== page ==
In Part 1 of this series we developed an API for searching and sorting HTML tables. We introduced some code reuse in Part 2 but ended up with a lot of boilerplate and fell short in our efforts to address the problem. In this post we discover a feature of TypeScript that offers hope.


Some days later Patrick says:

“Hey, Gordon, I found something. Check this out.”

What’s this? What does K extends keyof T mean1?

As in JavaScript, TypeScript allows objects to be treated as an associative array where a field value can be accessed like this

But in TypeScript, while firstName is a string, it is also a type. Because Person has a field called firstName, the string firstName matches a type called keyof Person. If you inspect keyof Person you get a union type consisting of all field names in Person.

Now we can write code that feels just like JavaScript, but the compiler will actually detect spelling errors:

Yields a compile error:

How great is that? Sold! Now we can update the TableSort API

Recalling the search API, while we’re at it we can lose the FieldExtractor and write a new predicate leveraging thekeyof T type

Then users can write code like this to set up the table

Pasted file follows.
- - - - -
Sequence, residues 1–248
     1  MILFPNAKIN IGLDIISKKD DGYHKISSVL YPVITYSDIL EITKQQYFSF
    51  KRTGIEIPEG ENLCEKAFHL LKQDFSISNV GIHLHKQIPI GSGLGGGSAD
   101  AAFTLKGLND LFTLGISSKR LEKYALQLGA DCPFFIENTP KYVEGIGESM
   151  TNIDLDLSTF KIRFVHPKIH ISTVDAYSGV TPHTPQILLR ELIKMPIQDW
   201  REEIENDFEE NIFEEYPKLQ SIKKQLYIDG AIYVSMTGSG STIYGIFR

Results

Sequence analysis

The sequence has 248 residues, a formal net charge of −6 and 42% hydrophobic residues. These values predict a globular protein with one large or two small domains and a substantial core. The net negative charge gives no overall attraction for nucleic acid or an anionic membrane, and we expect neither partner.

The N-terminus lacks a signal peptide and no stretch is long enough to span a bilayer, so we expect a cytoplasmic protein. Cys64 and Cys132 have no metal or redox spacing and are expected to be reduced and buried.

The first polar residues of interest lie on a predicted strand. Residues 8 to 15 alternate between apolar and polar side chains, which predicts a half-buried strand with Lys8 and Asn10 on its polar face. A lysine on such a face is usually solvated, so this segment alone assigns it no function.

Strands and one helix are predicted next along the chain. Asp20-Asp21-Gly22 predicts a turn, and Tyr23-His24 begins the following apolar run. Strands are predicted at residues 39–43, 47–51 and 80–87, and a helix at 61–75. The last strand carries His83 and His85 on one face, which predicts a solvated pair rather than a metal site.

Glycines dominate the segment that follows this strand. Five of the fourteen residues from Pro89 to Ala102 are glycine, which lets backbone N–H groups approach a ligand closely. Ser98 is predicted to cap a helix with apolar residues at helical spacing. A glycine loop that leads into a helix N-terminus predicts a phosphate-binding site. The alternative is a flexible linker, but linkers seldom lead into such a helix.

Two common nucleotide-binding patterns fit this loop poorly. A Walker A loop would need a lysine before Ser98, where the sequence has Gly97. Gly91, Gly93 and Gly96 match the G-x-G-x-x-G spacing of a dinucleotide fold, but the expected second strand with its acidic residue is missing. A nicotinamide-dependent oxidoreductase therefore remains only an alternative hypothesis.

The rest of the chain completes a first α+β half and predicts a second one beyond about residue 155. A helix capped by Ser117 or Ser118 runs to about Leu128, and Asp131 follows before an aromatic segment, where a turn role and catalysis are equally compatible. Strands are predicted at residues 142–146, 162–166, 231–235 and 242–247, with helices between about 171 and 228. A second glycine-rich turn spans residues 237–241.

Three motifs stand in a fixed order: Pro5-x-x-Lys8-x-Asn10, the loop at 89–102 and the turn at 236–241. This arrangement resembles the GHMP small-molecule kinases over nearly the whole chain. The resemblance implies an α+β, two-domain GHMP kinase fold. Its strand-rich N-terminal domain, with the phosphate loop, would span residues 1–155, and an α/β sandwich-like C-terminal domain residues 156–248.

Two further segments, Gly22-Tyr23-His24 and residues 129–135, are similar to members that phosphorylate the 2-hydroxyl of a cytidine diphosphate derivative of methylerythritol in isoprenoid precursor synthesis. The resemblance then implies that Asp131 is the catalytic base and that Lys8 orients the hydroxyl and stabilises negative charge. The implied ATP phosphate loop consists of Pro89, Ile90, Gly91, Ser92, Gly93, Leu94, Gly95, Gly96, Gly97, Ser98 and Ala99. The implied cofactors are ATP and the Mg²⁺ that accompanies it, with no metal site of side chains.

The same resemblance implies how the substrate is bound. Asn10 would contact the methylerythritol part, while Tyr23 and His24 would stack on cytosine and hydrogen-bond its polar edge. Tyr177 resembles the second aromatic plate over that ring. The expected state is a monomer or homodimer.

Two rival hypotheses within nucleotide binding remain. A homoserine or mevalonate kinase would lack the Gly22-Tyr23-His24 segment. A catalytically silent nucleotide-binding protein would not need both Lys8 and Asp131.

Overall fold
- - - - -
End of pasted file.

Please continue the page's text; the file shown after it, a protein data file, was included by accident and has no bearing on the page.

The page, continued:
And an IDE can offer code completion

Whoops. Code completion just ruined our day.

Holey API!

The astute reader will recognize that age is a number field, yet code completion offers it as an option where a string field is expected. We want this for textPredicate; all fields values will be converted to strings for the text search. But tableSort.addString() should clearly reject the addition of age to its list.

To illustrate the problem, consider how these types resolve

And this code

This definition permits calling addString('age') but it *should* be an error because Person['age'] is a number. We need to distinguish between string fields and number fields with something like

Two types for which we can write two type-safe functions. One could imagine these additions to the TableSort API:

Surely that’s too much to ask of the type system. On the other hand, the utility of keyof seems starkly limited if these additional constraints can’t be applied. What does TypeScript have to say about all this? Find out in the final post of this series.